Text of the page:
(52.) See Whittington, supra note 4; Levinson & Balkin, supra note 4, at 721-23; id. at 724-25 ("American constitutional history after George Washington's inauguration has produced no unequivocal examples of type one crises.... [O]ur tradition of constitutional interpretation allows such flexibility in making constitutional arguments that no President ever need admit that he or she is disobeying the Constitution.").

(53.) 128 S. Ct. 2229 (2008).

(54.) Id. at 2294 (Scalia, J., dissenting).

(55.) Id.

(56.) Id.

(57.) For another illustration, consider the exchange between Justices Scalia and Thomas in Hamdi v. Rumsfeld. 542 U.S. 507 (2004). Both dissented from the plurality holding that a U.S. citizen held as an enemy combatant must be given an opportunity to challenge his detention. Scalia argued that the plurality did not go far enough; he reasoned that the government was required to file criminal charges against the detained citizen or to suspend the writ of habeas corpus. 542 U.S. at 554 (Scalia, J., dissenting). Thomas worried that if charging or suspension were really the only two options permitted by the Constitution, a crisis of operation could arise: Congress may "'have to choose between acting unconstitutionally and depriving the President of the tools he needs to protect the Nation." 542 U.S. at 594 (Thomas, J., dissenting). Thomas concluded that the Constitution must permit other options beyond suspending the writ and charging the detainee. To this, Scalia replied that whenever security was so greatly threatened that indefinite detention was necessary, the conditions for the suspension of the writ of habeas corpus would be met. 542 U.S. at 578 n.6 (Scalia, J., dissenting). Though they disagreed about what necessity required in this particular case, both Justices agreed that whatever necessity demanded, the constitution would permit.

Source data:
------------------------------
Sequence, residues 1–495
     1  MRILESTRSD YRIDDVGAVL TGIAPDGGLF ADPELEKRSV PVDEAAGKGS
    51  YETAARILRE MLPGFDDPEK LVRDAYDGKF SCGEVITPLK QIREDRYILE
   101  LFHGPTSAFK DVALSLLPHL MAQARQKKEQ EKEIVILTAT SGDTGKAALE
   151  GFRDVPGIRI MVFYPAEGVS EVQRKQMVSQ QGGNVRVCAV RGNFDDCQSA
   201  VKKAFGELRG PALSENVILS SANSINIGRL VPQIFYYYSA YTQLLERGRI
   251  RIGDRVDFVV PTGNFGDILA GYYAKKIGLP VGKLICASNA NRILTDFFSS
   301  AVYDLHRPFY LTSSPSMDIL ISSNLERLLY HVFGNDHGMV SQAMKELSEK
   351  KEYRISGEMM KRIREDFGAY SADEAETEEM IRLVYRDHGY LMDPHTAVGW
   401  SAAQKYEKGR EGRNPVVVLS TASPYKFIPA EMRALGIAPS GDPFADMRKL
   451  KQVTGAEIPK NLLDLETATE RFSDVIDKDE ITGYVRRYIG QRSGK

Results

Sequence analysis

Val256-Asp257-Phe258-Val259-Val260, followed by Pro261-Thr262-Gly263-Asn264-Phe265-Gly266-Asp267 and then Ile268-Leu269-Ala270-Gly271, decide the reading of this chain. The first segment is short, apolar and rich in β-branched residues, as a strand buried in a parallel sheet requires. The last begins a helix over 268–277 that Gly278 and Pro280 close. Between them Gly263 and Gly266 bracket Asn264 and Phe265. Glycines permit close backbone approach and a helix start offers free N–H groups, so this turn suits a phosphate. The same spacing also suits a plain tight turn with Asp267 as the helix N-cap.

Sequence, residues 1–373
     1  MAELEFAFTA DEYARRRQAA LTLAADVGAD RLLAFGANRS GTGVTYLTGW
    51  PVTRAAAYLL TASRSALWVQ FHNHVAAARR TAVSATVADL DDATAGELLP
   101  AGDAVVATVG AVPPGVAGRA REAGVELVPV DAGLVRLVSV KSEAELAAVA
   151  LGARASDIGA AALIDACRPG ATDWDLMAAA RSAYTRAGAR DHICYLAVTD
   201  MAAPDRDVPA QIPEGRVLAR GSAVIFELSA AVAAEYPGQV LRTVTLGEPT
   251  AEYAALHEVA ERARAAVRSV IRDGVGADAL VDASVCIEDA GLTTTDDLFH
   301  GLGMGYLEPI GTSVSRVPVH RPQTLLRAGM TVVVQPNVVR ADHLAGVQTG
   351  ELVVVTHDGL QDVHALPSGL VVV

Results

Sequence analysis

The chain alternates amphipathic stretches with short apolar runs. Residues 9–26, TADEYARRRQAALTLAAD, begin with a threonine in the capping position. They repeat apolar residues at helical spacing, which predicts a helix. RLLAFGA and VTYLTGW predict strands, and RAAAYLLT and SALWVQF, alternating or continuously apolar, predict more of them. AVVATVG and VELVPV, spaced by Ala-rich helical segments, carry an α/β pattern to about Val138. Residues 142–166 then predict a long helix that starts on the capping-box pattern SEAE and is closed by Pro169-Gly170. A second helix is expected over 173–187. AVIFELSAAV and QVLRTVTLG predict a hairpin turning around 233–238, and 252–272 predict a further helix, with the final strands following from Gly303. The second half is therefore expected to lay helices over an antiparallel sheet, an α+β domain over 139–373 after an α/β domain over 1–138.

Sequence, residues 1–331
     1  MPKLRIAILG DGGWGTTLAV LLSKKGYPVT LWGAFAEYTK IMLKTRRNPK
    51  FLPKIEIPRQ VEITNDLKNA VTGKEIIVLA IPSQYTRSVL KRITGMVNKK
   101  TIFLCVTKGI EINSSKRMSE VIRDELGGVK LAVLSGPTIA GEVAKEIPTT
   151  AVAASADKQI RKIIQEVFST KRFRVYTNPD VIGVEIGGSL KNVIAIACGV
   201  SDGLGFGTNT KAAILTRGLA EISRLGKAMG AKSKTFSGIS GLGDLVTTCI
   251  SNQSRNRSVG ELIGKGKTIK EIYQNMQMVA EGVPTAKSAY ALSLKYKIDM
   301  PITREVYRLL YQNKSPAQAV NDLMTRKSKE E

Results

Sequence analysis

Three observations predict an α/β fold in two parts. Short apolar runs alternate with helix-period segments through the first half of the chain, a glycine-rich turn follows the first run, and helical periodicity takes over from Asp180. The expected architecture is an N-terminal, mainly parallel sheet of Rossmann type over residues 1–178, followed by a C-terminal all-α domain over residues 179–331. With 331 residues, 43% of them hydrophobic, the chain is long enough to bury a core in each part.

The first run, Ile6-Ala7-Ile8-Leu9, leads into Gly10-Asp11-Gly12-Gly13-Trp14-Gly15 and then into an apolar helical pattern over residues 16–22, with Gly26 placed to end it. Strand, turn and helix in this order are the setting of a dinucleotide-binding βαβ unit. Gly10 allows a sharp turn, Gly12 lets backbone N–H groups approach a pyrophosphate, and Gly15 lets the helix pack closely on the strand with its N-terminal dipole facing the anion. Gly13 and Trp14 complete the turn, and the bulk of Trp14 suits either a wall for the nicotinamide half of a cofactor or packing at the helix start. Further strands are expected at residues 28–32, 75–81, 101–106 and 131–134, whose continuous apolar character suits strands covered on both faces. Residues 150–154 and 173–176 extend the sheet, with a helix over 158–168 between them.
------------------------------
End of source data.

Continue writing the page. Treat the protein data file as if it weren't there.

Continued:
(58.) This argument may be understood as a narrower version of Richard Nixon's infamous claim that "[w]hen the President does it, that means that it is not illegal." The narrower claim is that when the president acts on his good-faith determinations of national necessity, his actions are never unconstitutional.

(59.) 128 S. Ct. 2783 (2008).

(60.) But a four-Justice plurality opinion authored by Justice Scalia had raised the possibility that the right to self-defense may be "fundamental." Montana v. Egelhoff, 518 U.S. 37, 56 (1996).

(61.) Heller, 128 S. Ct. at 2801 (emphasis in original).

(62.) Id. at 2817.